When Adrena Rocha was a freshman at Arvada High School she was more interested in partying than coming to school. She described herself as a “lost child,” her lowest point being when she ran away …
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When Adrena Rocha was a freshman at Arvada High School she was more interested in partying than coming to school. She described herself as a “lost child,” her lowest point being when she ran away from home.
“I had a lot of struggles with family,” Rocha said, “struggles with myself.”
But consequences of running away and disappointments that came with them fueled Rocha’s turnaround. Now, as a senior, she is involved in many activities at school, including being a student ambassador and participating in a girls group focused on mental health.
“I’ve been going up and down on this roller coaster, but I have to keep going,” Rocha said. “I can’t let (the struggles) define who I am.”
Rocha was one of four Jefferson County high school students to be recognized for overcoming adversity Nov. 12 at the Jeffco Schools Foundation Heroes Awards.
Award helps make college reality
Maxlene Augustin, of Arvada West High School; Kenneth Godoy, of Wheat Ridge High School; and Isaac Mohr, of Sobesky Academy, also were honored.
“These students have shown dedication, tenacity and resilience continuing on their path to graduation, despite personal hardships,” said Denise Delgado, executive director of the Jeffco Schools Foundation.
Each of the four students also receives a $1,000 scholarship from the foundation and a full scholarship to Red Rocks Community College.
‘They need someone to look up to’
Five teachers and staff from schools throughout the district were also honored as “heroes.”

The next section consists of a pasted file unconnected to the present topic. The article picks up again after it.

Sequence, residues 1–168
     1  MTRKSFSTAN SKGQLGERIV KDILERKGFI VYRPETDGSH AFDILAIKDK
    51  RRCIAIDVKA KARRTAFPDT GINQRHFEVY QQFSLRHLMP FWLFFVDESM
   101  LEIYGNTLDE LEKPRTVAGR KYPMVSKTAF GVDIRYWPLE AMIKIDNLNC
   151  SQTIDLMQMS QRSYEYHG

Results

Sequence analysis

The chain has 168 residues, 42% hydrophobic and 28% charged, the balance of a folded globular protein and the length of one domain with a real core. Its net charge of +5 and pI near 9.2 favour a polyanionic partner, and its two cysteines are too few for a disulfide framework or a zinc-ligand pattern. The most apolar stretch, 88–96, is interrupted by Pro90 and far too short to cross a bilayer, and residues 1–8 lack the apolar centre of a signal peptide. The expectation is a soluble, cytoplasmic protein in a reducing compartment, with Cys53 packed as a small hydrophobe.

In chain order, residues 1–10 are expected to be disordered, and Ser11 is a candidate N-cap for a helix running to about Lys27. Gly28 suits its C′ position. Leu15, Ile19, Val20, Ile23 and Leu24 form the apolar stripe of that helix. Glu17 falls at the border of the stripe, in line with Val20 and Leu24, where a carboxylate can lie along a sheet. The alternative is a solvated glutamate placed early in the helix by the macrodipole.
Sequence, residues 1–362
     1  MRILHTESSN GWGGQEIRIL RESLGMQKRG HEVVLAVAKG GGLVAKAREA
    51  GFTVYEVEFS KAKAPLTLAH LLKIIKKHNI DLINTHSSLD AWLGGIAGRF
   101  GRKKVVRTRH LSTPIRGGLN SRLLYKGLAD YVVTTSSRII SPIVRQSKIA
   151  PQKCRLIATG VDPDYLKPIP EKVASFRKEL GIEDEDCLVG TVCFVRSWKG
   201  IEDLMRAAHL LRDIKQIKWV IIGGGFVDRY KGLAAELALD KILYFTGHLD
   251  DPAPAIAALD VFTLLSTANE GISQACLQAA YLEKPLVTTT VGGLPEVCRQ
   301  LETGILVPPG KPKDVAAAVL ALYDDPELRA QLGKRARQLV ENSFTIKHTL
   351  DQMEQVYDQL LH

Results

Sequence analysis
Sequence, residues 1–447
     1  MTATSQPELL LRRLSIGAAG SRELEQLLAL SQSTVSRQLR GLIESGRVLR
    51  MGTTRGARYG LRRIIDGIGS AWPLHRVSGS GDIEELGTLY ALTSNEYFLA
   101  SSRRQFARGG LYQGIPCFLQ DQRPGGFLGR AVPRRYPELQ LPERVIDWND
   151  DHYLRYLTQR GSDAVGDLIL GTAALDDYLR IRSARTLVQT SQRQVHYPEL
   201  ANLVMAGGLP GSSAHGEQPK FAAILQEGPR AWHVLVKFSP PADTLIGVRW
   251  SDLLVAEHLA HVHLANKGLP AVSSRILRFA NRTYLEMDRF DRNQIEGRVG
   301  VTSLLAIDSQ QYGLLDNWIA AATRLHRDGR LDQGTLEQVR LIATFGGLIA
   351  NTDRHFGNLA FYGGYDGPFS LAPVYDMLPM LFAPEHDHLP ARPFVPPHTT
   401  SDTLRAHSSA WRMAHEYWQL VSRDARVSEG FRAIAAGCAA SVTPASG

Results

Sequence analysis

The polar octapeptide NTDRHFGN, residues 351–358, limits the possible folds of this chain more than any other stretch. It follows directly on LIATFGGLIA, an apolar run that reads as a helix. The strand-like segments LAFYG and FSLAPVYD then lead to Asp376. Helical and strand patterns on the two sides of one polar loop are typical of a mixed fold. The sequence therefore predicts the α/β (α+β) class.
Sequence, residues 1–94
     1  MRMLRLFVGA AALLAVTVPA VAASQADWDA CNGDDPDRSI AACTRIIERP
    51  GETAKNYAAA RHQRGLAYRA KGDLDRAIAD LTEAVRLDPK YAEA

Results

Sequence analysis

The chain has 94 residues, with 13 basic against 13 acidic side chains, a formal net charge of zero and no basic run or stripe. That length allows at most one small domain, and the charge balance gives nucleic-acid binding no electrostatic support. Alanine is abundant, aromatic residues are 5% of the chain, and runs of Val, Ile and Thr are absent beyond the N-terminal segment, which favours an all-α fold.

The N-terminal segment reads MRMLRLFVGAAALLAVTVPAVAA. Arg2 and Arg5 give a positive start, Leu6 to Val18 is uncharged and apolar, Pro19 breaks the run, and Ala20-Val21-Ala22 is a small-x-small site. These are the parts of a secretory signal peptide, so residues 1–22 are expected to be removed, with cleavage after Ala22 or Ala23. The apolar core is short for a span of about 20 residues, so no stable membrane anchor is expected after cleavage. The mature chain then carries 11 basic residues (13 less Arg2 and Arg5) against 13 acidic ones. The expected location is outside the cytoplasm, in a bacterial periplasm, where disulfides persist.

Amos Baca, known by students at Deane Elementary School in Lakewood for his high fives and hats, was among them.
“It’s always been a dream of mine to work in this kind of environment with kids,” said Baca.
Kym O’Donnell, of Westgate Elementary School in Lakewood; Rusty Owston, of North Arvada Middle School; and Ron Woitalewicz, of Dakota Ridge High School in south Jeffco, were also honored.
O’Donnell, an instructional coach, grew up in foster care following her mother’s addiction, which fuels her desire to help students going through tough times.
“You’re given a deck of cards and you play to the best of your ability and hope you come out a little better than when you started,” O’Donnell said.
Just before school started this year, O’Donnell’s husband, a traffic agent with the Lakewood Police Department, was in a line-of-duty accident resulting in severe injuries. Her school family rallied around her.
She wanted to show her love and return support by returning to work. She said she didn’t want to let students down at one of the most important times of the school year.
Tragedy redefines counselor
This year, for the first time, the foundation also honored a hero among the heroes with the Hero of the Year award.
That award went to Lisa Regon, counselor at Arvada West High School.
Regon was described as having a good heart and someone who works hard to help students through difficult times.
In June, Regon’s 8-year-old son, Noah, died in a hiking accident at Hanging Lake. She called him a “sparkling soul” and he is remembered as a kind and generous kid. But grief took over Regon.
Eventually, she said she was able to turn her grief into purpose by helping students seek answers to their own painful situations. Her colleagues say it redefined her as a counselor.
“There’s no way I would have been able to get through this tragedy without the people around me,” Regon said. “I work at the most amazing school.”
Staff who were honored received a complimentary, three-hour course at Red Rocks Community College to continue their professional development and a $500 classroom grant for enrichment activities from the foundation.
Said Andrea Hart, Jeffco Schools Foundation board chair: “It is truly an honor to honor our Jeffco students, educators and staff who have really risen above and beyond some incredible hardships to achieve great things in their lives and in their schools.”
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